Arts and crafts pieces beautify the shelter that provides refuge for trafficked survivors.
Photo: Judith Santiago
June 20, 2010
The day started early. I arrived in Yerevan, Armenia at 4:30a.m. Karine Harutunyan of UMCOR’s Armenia office greeted me at the gate with a big UMCOR sign.
As I was driven to the hotel by Arthur, UMCOR’s designated driver, I looked forward to taking advantage of the few short hours of rest before visiting UMCOR Armenia’s office. The trip is part of a two-week assignment to visit UMCOR-NGO projects in both Armenia and the Republic of Georgia.
I wondered what this day would bring. I was there in part to meet survivors of trafficking in an undisclosed shelter. What will the survivors share? What will be the response? Whatever was to come, I readied myself to lend an ear, extend a hand, and be a voice to speak on their behalf. While I anticipated being a vessel of strength for them by sharing a relatable, personal story, they became the strength for me. I honored and admired each one’s courage and fortitude to keep hope alive despite their daily struggles to overcome their past. I witnessed a quiet humility and strength that breathed hope for each of the four women I met. And, I saw glimpses of dignity begin to emerge as they shared their experiences.
One survivor displayed her arts and craft handiwork on the walls and on the shelves of the main living space. Her gift for creating center pieces or adorned frames was greatly encouraged. Her face lit up as we spoke about how talented she was, and how she could one day leverage her new found talent by starting her own business. I admired her pieces of artwork, and realized the pieces expressed the “beauty for ashes” (Isaiah 61:3b) that God gives each of us in the place of our brokenness. When you’re broken there is a something so bittersweet when expression comes from a dark or painful place. In this case, beauty and hope was expressed in the artistic arrangement of flowers. And, isn’t this the expression of Jesus in our lives – that out of the heap of our pain and sin hope emerges? In this shelter, hope was shining everywhere. Smiles instead of despair, joy instead of mourning, beauty instead of ashes…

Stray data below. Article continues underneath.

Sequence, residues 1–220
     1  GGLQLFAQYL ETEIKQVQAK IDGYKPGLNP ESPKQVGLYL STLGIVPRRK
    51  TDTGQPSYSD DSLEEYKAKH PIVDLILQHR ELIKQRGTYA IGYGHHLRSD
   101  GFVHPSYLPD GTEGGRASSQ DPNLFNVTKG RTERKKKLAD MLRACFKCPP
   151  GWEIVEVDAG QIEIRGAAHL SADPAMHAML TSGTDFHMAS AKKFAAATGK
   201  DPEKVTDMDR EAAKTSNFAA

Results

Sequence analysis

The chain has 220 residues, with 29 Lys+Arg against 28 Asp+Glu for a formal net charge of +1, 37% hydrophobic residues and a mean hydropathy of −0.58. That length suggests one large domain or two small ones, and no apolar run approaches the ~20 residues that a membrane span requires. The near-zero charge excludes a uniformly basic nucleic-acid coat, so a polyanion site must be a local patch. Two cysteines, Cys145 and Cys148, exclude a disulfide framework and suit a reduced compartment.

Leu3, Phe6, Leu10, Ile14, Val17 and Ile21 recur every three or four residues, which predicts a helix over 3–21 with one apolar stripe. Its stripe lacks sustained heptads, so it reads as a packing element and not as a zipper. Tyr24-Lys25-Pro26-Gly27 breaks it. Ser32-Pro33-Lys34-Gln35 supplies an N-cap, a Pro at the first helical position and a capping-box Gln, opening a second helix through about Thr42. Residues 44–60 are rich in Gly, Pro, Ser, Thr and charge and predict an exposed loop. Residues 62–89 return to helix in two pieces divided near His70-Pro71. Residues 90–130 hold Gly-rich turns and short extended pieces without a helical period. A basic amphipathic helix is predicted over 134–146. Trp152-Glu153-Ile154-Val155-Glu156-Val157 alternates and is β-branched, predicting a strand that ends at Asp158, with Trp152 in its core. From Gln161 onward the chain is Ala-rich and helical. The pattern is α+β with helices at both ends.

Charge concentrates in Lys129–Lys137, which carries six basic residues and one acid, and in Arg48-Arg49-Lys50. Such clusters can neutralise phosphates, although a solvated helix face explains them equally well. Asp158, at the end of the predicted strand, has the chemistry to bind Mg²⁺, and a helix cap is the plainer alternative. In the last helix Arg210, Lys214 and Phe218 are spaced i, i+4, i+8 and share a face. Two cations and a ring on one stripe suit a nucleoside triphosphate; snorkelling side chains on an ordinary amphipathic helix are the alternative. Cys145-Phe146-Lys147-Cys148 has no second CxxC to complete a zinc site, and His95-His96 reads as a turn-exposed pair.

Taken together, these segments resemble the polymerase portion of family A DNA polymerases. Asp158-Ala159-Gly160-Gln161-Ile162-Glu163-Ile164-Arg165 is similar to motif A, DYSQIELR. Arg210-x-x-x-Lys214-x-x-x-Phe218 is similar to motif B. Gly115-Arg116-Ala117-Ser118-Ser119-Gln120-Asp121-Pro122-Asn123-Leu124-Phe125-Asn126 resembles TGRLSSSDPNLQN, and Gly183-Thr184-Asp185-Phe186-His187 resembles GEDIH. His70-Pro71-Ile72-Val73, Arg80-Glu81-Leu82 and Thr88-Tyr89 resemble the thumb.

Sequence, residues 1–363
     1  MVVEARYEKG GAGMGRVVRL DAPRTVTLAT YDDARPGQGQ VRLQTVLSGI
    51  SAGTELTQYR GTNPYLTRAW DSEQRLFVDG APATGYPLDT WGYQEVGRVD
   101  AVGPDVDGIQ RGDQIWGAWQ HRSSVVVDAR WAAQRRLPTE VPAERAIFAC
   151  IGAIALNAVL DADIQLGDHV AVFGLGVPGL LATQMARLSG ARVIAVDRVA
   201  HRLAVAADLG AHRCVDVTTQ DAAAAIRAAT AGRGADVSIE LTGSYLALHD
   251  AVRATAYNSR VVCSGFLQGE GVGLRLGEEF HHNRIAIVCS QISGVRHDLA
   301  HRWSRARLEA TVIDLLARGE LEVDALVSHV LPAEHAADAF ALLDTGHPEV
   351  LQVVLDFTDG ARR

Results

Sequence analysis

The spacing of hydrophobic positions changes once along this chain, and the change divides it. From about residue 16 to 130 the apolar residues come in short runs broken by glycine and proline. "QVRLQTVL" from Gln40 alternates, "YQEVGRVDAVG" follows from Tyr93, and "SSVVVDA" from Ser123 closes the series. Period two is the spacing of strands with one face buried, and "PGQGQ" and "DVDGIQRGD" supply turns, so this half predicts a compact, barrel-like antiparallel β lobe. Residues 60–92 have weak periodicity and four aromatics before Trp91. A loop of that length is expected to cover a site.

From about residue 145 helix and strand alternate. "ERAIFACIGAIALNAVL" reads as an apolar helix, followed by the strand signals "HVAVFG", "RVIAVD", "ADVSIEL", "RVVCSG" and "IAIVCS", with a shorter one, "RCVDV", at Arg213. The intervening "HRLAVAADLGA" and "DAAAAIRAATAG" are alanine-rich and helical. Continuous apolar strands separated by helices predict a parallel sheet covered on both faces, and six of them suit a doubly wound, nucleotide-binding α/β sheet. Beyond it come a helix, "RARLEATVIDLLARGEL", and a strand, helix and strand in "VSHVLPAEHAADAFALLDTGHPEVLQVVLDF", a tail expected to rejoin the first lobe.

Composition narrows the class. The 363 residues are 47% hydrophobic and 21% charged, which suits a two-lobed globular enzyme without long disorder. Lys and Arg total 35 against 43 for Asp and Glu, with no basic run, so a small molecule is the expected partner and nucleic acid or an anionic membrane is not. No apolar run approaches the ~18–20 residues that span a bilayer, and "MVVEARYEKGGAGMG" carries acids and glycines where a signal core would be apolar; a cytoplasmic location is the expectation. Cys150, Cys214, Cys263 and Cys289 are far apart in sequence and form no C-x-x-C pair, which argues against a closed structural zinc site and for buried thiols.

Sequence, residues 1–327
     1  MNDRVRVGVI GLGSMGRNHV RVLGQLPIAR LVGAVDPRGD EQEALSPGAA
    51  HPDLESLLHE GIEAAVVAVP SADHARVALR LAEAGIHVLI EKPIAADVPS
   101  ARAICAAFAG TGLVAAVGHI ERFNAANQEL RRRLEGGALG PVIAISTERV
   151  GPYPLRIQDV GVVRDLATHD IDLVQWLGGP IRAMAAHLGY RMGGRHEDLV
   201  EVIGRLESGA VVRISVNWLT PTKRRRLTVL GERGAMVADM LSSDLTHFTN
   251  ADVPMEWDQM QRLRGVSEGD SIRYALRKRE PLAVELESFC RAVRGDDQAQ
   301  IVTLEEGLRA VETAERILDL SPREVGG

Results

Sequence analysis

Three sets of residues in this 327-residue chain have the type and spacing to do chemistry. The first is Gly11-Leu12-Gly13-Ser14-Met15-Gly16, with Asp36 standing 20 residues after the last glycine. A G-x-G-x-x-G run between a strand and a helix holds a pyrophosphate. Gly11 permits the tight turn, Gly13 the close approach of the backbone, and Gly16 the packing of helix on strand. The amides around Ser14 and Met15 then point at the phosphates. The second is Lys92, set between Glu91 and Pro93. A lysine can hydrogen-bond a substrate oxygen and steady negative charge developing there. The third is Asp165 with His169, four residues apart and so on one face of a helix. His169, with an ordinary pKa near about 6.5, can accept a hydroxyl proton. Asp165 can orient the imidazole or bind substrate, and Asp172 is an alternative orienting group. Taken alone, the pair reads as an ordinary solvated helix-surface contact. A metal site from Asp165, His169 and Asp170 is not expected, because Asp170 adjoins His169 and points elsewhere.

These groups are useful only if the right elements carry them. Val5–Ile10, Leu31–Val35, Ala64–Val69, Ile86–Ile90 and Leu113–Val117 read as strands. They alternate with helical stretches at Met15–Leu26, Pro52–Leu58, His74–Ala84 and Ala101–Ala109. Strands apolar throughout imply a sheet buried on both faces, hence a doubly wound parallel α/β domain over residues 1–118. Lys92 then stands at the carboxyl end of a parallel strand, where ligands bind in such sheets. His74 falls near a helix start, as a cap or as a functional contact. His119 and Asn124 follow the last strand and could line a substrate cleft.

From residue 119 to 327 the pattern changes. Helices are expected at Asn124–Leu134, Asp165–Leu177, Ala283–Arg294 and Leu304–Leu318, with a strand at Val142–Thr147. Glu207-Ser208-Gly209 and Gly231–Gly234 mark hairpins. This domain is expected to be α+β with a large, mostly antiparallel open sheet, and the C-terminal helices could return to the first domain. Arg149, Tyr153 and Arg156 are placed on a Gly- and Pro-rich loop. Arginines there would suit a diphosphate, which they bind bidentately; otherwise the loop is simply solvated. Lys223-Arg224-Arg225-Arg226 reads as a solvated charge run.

I was warmed by all of UMCOR’s staff, and I realized that although we were countries apart, we spoke the very same language of compassion for one another as the work continues forward to keep the shelter operating for those yet to be found. More than 85 women have journeyed through its doors and into a more normal life. Some have maintained their identities; others have had to hide theirs; while still others wade through the dark waters. But, even though we don’t see them, it doesn’t mean they’re not there.
Tomorrow is a full day of meeting community health workers, mothers to-be, women-run cooperatives, and volunteers. As part of the trip, we hope to visit the USDA-supported Sustainable Cooperative Extension and Agricultural Development Program; the organization’s HIV/AIDS work, which is funded by the United Methodist Global AIDS Fund; and UMCOR Health, as well as the US Department of States’ Pharmaceutical Distribution Program and Small Reconstruction Projects. I look forward to see what the day will bring.
Judith Santiago is the Media Communications Associate for UMCOR.